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  • Writer's pictureHersh Thaker

The Labour Party's Relationship with India: A Critical Path for the Next Decade

This article was originally written for and published by iGlobal as part of my regular column.

Earlier this month, Keir Starmer inaugurated the 5th annual UK-India week and described wanting an "open-handed, respectful, forward-looking, and aspirational" relationship with India. This positive and sensible tone demonstrated a commitment to reset Labour's relationship with the country, following strains that emerged under the previous leadership. It was an important movement because the UK's relationship with India will be paramount in the coming decade.

As Britain tries to find a new identity on the world stage after Brexit, the relationship with a new confident, emboldened, aspirational India must be a priority. The lack of a coherent vision for our place in the world offered by this government makes it ever more important for the Labour Party to provide it instead.

Economic Development

India has become the de facto leader of the global south, a reputation it has looked to entrench in the year of its G20 presidency. Whether it's energy security, food security, migration or debt, the issues facing the global south are the central geo-political challenges of our day. Therefore, a government wanting to demonstrate the moral leadership that Britain should be showing will need to work with India to address them.

Even for our self-interest, India, the world's most populous country with a rapidly growing middle class, presents an enticing market for post-Brexit Britain. It is the second-largest contributor of foreign direct investment (FDI) into the UK and has a deep cultural link to Britain through its history and the British Indian diaspora.

It is an economic and geo-political relationship a future Labour government must nurture.

The UK-India Free Trade Agreement (FTA) could provide another such opportunity. Negotiations commenced last week for the UK-India Free Trade Agreement (FTA), currently in its 11th round of talks.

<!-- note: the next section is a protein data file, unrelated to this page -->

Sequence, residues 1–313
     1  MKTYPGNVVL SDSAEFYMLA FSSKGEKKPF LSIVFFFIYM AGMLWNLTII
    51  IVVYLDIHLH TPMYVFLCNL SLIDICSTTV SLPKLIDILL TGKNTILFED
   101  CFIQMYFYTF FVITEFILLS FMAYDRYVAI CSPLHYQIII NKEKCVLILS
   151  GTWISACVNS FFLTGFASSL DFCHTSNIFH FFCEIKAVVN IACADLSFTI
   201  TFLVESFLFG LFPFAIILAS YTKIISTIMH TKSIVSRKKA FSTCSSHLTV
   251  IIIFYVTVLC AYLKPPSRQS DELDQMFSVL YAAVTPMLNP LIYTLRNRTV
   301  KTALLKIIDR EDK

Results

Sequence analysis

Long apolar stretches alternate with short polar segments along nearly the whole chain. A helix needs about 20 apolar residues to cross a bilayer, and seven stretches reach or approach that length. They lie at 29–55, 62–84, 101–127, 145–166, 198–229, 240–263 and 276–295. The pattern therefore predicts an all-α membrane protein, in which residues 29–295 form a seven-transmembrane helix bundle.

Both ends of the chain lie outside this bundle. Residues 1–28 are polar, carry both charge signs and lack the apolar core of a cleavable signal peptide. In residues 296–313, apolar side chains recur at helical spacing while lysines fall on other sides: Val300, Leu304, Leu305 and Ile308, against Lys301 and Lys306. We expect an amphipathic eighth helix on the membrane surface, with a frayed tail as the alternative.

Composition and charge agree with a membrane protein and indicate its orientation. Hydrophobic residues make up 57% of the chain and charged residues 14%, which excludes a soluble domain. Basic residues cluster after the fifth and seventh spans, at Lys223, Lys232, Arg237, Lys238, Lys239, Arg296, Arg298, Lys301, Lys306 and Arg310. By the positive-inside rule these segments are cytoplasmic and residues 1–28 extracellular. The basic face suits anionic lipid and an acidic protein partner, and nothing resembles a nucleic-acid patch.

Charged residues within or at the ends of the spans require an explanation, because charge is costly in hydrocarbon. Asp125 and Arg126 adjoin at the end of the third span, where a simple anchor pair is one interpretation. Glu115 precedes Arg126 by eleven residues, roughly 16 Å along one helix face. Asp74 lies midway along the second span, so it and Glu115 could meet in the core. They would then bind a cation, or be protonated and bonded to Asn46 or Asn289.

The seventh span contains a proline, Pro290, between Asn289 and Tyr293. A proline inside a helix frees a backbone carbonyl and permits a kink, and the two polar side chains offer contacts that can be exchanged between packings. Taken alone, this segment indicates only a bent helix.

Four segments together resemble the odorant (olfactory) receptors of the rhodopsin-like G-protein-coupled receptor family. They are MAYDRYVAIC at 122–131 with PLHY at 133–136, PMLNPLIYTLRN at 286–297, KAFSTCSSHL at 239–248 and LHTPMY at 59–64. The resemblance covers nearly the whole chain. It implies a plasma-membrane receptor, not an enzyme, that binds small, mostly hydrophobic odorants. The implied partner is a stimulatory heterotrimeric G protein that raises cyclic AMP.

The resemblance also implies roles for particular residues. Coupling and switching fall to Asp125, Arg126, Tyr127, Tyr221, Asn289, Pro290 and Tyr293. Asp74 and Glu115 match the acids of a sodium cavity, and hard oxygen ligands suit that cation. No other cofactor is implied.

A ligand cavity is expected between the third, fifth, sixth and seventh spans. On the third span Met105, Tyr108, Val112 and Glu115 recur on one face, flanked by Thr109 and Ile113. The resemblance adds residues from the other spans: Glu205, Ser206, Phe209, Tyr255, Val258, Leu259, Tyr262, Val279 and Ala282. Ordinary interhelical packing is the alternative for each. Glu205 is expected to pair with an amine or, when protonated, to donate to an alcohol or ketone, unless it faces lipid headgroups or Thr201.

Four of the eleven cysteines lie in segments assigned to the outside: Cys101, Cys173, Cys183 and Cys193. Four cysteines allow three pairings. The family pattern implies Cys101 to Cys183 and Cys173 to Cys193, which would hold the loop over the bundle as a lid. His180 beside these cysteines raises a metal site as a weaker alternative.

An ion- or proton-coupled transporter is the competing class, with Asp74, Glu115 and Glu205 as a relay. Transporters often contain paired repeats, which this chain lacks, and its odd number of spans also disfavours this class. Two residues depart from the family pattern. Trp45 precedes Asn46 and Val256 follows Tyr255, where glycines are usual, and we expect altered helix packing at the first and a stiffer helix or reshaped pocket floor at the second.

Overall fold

A deal before next year's Indian elections looks increasingly unlikely to be signed. There are still several hurdles to clear on the FTA before finalising an agreement. Migration will be one of those challenges.

India is seeking easier access for its workers to the UK market, whilst the Tories are prisoners to their anti-immigration narrative. The denial of reality the government is currently suffering from means although we have a shortage of skilled workers of the like India could offer, it could still be challenging for Sunak to rally support within his party for a deal that allows more foreign workers in. It will also be difficult to envision India signing an agreement without such provisions.

Labour may need to pick up the pieces of this FTA and could hit the ground running if the Tories fail to get it over the line before a general election. The FTA makes shaping the narrative towards India and building bridges from now become ever more crucial.

Climate Change

The next decade is pivotal in the global transition towards a cleaner energy system. Where the Tories show little vision or interest, the Labour Party has prioritised climate change on the policy agenda. Collaboration with India is essential in this area. Prime Minister Modi recognised the next decade's importance and called for global action at the leader's summit in 2021. He set ambitious decarbonisation and biodiversity targets for India to transition millions out of poverty while building a cleaner energy system.

Hence, a strong relationship with India gives a Labour government that is serious on climate change an opportunity to demonstrate leadership. Working together on green infrastructure, biodiversity, mobilising finance for clean energy and technologies, and collaborating on global decision making on climate action are areas of potential partnerships.

A Government in Waiting

Under Keir Starmer's leadership, the Labour Party has turned a page on many issues. One is recognising the strategic importance of the relationship with India and showing a desire to build those bridges.

There have been several examples of this recognition in recent months. Keir Starmer's speech at the UK-India forum, Navendu Mishra, has re-established the Labour Convention of Indian Organisations (LCIO) to engage with the British Indian Diaspora. Only recently has LCIO partnered with the UK-India Business Council to host a briefing on the FTA. Here, Nick Symonds reiterated Labour's commitment to ensuring a deal is in place. Yvette Cooper also met with the High Commissioner of India, Vikram Doraiswami, and Keir Starmer spoke at the first-ever celebration of Indian independence held in Parliament.

Manoj Ladwa, the founder of the UK-India Forum, rightly emphasised the need to prioritise the relationship with India and to prevent it from being "held hostage to the vagaries of domestic politics". By adopting the open, respectful, forward-looking, and aspirational approach that Starmer outlined, Labour can indeed look forward to strengthening the bond between the two nations. The economic potential of India, coupled with collaborative efforts on climate change, underscores the significance of this relationship.

With effective leadership and continued dialogue and engagement with India and its diaspora, Labour can secure a brighter future together. The relationship brings an additional electoral benefit of appealing to those voters who seek a dynamic and prosperous partnership with India.


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